Historical post

Historical post

Blind Trials and Sensitive Information (February 2012)

Government proposals to dramatically increase the number of trials held in secret, in which parties can see only minimal evidence being relied upon by the Court, have been fiercely criticised by Special Advocates – the solicitors and barristers who would be at the heart of the new procedure. In this article, I argue that the Justice and Security Green Paper should be a cause of concern for all in a liberal democracy as an attack on liberty and foundational principles of open justice.

A brief background to these proposals sheds some light on the government’s motivation. Last year, the British government agreed to settle the case of Binyamen Mohamed (and fifteen others) amid claims that it was complicit in the rendition, torture and detention of British citizen Mohamed at Guantánamo Bay. Justice Secretary, Ken Clarke, said that the claimants had to be paid off because the only way of defending the case would have been to disclose intelligence-related material to the claimants, which would have jeopardised the arrangements under which such material is shared with the US. Then, in July last year, the Supreme Court ruled that in the absence of clear statutory authority, the government could not withhold evidence in a civil trial. This statutory authority is what the government now seeks, in the nascent form of the Justice and Security Green Paper.

The crucial concern in this paper is the proposal to make closed material procedures (CMPs) available in all civil proceedings, not just those involving national security. Under this procedure, sensitive evidence is withheld from both the party whom it concerns and their legal team. The court and a Special Advocate will then see the evidence, with the latter given the unenviable task of representing the other side’s interests without revealing what the evidence says. By opening up the availability of CMPs to all civil proceedings, the Secretary of State would be delegated the responsibility of certifying whether “certain relevant sensitive material would cause damage to the public interest.” This term is left vague, and seemingly could range from international relations through to the commercial sphere in which the government has no direct interest.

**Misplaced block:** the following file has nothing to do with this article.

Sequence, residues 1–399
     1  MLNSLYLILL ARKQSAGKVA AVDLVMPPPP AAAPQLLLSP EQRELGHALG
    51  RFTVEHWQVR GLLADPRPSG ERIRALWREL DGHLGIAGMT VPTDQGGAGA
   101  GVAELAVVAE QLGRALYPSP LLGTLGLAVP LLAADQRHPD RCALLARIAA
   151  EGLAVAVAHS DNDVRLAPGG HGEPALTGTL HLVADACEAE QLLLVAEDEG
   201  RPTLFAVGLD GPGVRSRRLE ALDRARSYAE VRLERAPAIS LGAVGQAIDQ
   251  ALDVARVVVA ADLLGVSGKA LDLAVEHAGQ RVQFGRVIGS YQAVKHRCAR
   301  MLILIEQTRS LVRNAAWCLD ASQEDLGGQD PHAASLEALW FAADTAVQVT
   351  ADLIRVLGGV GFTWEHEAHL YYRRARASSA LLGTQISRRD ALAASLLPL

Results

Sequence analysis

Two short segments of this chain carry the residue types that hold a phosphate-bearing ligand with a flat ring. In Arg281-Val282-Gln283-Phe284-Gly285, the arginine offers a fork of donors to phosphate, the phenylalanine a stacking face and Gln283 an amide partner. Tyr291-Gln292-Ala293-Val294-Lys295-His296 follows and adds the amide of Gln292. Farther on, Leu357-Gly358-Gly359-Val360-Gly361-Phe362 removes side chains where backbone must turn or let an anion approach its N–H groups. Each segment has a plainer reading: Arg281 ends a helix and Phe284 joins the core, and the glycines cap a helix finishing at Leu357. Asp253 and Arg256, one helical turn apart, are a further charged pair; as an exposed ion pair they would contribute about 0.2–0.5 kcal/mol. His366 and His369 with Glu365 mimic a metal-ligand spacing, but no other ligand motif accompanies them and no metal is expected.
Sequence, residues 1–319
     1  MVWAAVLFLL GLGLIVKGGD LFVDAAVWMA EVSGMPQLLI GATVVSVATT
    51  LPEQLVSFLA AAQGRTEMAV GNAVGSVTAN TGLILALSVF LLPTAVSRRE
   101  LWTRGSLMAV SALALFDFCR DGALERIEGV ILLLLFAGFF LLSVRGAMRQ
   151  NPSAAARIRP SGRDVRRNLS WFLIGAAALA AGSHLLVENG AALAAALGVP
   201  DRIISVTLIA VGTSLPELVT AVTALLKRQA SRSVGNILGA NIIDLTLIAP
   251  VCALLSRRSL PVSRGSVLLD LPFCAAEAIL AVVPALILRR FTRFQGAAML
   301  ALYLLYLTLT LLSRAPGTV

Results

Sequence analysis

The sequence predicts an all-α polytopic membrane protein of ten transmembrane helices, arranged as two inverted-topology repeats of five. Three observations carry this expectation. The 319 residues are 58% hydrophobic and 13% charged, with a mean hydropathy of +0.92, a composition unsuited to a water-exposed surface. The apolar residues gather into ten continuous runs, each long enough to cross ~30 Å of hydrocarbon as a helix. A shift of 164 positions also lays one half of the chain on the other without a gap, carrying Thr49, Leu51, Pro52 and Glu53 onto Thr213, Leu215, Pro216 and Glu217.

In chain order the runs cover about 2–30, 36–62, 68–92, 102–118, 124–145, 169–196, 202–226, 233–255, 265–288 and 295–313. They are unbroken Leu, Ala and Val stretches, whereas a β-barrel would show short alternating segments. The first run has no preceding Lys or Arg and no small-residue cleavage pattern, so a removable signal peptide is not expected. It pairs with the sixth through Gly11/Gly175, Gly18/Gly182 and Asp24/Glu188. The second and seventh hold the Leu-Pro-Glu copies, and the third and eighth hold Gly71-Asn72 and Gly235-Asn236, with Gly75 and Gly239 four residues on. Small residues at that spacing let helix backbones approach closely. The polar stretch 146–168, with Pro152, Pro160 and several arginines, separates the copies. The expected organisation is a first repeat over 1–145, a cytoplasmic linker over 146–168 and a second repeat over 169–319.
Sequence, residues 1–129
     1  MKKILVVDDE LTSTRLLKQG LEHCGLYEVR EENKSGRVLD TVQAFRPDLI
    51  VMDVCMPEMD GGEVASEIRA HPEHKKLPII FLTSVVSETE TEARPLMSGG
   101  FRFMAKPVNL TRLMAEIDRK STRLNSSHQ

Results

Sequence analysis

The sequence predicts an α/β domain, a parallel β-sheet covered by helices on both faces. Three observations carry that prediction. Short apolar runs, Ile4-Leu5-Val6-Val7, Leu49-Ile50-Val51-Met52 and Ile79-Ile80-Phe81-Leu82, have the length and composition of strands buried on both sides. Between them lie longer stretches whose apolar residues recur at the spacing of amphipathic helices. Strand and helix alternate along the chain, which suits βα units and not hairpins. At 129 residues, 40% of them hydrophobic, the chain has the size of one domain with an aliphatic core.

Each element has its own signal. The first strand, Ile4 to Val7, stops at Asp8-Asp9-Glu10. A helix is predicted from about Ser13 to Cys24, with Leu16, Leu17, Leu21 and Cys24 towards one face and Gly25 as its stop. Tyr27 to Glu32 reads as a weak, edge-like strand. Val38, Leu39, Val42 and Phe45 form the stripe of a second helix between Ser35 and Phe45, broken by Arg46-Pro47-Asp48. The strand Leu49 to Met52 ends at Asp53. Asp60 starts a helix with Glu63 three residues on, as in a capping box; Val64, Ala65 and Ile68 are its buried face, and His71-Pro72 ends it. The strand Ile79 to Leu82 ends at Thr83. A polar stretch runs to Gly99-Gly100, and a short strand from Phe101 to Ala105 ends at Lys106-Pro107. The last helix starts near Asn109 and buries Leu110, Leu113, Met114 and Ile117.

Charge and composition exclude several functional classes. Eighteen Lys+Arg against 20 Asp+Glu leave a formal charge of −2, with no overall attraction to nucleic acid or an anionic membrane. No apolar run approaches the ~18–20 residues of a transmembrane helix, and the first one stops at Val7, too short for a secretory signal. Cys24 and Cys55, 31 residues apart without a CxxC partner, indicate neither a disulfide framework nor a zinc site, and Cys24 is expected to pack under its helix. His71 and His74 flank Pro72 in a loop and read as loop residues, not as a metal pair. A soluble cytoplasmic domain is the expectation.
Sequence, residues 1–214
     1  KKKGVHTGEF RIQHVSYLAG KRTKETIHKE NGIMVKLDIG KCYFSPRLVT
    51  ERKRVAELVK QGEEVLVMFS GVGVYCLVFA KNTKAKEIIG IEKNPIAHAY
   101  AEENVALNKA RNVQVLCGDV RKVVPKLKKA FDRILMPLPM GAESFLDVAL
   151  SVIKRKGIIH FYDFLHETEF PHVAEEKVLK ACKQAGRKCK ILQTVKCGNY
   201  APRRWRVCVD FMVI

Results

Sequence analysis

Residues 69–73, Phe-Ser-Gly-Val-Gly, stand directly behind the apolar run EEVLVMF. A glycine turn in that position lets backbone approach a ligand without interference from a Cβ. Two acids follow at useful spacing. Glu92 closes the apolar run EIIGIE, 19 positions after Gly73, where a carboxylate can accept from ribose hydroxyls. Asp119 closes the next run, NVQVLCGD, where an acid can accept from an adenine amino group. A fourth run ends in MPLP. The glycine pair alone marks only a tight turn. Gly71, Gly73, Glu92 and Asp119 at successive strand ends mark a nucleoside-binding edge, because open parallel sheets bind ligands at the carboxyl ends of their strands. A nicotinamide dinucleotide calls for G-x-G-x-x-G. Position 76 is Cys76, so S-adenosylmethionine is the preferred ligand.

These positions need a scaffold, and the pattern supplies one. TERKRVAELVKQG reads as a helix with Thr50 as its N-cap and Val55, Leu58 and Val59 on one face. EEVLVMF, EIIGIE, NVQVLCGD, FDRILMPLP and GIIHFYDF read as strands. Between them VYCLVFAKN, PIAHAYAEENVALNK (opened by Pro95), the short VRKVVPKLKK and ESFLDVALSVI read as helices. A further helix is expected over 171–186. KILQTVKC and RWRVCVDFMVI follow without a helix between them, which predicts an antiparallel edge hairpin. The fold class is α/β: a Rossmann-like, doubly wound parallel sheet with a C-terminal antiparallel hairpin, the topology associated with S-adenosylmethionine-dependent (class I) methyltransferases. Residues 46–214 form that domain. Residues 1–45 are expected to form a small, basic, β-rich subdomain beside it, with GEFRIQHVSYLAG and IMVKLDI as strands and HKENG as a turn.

These proposals threaten to undermine the justice system because they run counter to our understanding of a common law, adversarial trial which looks for facts on the balance of probabilities. Indeed, by withholding evidence at the behest of the Secretary of State, one loses the key probative aspect of a trial: that is to show the value of evidence by proving that it can withstand challenge. Without any scrutiny, damning evidence could be easily misled.  Dinah Rose QC, who acted for Mohamed, has also expressed her concern over the potential law: “It troubles me that the government can propose in this way, without any controversy and little fear of contradiction, to legislate for a secret process so alien to our judicial system.”

What this potential legislation amounts to is the claim that a government minister is better placed to strike the balance between material which would cause damage to the public interest and the need to ensure fairness through open justice. Indeed, this is currently a judicial task and through over fifty years of case law the principles of public interest immunity have been eked out, most recently reflected in Lord Rodger’s commentary in the Guardian News and Media Ltd  [2010] that such principles should be departed from “only in the most compelling circumstances.” The 90-page Green Paper exemplifies no such example, preferring such vagaries as withholding “certain relevant sensitive material would cause damage to the public interest.”

As highlighted above, the Green Paper was drafted following allegations of British complicity in torture and rendition of its own citizens. Torture is an international crime and it is essential therefore that any evidence of this is subject to scrutiny, not merely thrown out through fear of costly claims. Indeed, in 2009, a report of the Special Rapporteur on counter-terrorism and human rights cited the United Kingdom as one of the states in which the “increasing use of State secrecy provisions and public interest immunities… to conceal illegal acts from oversight bodies or judicial authorities, or to protect itself from criticism, embarrassment and – most importantly – liability” gave cause for concern. It is imperative, therefore, that our liberal democracy refrains from using the guise of “sensitive material” to protect it from concealing wrongdoing. To be sure, it is hard to imagine how, under the current proposals, we (and, of course, the media) would have known about British collusion in torture, such as in Mohamed’s case – knowledge of which, I think everyone would agree, is most certainly in the public interest.

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